4. The intellectual applauds the consequence as “change” which is always for the good, by definition, since everything that happened in the past was bad. (Many spend considerable effort trying to establish this point, as it is crucial to their desire to overthrow the system.)
  5. The predicted catastrophe results.
  6. The intellectual now says the consequence was unforeseeable, but also inevitable, so those who foresaw it and warned about it were wasting their time, and are therefore still lunatics; moreover, they are being unfair and mean for saying “we told you so.”

Intellectuals reinforce their worldview by reinterpreting every event in terms of it. For example, the recent UCSB massacre was used to support the feminists' ideas about the patriarchy, gun control advocates' ideas for banning firearms, and the racists' ideas about whites, even though most of the victims were not women, most of his victims were not killed by firearms, and the criminal was not a white person, but half Asian.

Leaders must have a vision

Many of the utopian ideas of the past, like eugenics and communism, have been discredited by the unfortunate events that resulted when they were put into practice. Today's multi-culti P.C.-topia is also in the process of being discredited, as its authoritarian nature is gradually being revealed to us. But this does not mean that utopias are to be avoided. We just need to be skeptical.

For intellectuals, says Hayek, the freedom to criticize accepted views and try out new ideas is as necessary as the air we breathe. He writes: “A cause which offers no scope for these traits can have no support from [the intellectual] and is thereby doomed.” It is not necessary for conservatives and libertarians to try to compete with Hollywood.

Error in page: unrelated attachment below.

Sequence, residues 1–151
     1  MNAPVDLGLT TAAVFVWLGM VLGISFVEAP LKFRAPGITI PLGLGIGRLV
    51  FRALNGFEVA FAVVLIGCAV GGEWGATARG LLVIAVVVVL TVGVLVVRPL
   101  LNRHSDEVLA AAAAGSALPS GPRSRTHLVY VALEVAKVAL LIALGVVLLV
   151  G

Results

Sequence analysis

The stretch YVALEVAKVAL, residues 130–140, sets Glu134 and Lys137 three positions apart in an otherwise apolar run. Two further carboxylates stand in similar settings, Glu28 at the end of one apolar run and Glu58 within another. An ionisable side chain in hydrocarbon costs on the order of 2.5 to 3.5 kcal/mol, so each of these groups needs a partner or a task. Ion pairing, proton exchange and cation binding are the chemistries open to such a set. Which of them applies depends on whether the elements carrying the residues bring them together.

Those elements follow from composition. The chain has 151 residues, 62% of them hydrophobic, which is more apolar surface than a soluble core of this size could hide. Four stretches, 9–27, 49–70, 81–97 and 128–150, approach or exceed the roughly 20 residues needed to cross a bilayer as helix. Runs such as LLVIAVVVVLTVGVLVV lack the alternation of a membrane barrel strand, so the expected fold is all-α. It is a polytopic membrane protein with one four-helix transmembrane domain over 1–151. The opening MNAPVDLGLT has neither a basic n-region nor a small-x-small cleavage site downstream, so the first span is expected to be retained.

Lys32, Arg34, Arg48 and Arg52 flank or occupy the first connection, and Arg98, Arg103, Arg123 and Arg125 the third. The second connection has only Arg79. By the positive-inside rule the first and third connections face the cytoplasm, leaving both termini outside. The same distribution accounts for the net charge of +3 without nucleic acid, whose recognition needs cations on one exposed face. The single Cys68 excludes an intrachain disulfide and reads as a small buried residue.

For conservatives and libertarians, that cause is liberty. Once you experience it, and are threatened with having to live without it, it grabs hold of your imagination and becomes an obsession. It can thus inspire novelists, filmmakers, and maybe even educators and politicians. It is not necessary for conservatives to try to compete with Hollywood. They need to envision a utopia, wrote Hayek, as the socialists did: it was their courage to be Utopian, said Hayek, that gained them the support of the intellectuals and their influence on public opinion. If the vision is compelling, and its proponents are articulate, it will spread throughout society.

The corporate world knows that successful leaders must have vision. Conservatives and libertarians cannot just be the We told you so party any more than a CEO can say “I told you the company was going down the drain!” If they do, they will be perceived, as Hayek put it, as “a timid apologist for things as they are.” To succeed, they must hammer out a concrete, specific path. It need not be immediately realizable. It need not even be something that voters or congressmen would pass tomorrow, or in ten years; but it must be a path—an alternative that goes somewhere. If the vision is inspiring, and true to the human spirit, more and more people will push for it, and it will happen.

Libertarians and conservatives have the imagination, strength, and perseverance to make this happen. Our opponents have only their false vision. No one will never fight for another person's idea, but people will fight for a vision.

At least, that's what is written on this cereal box that I stole all these ideas off of. Tomato

h/t Taylor Lewis for linking to the Hayek article.

See also: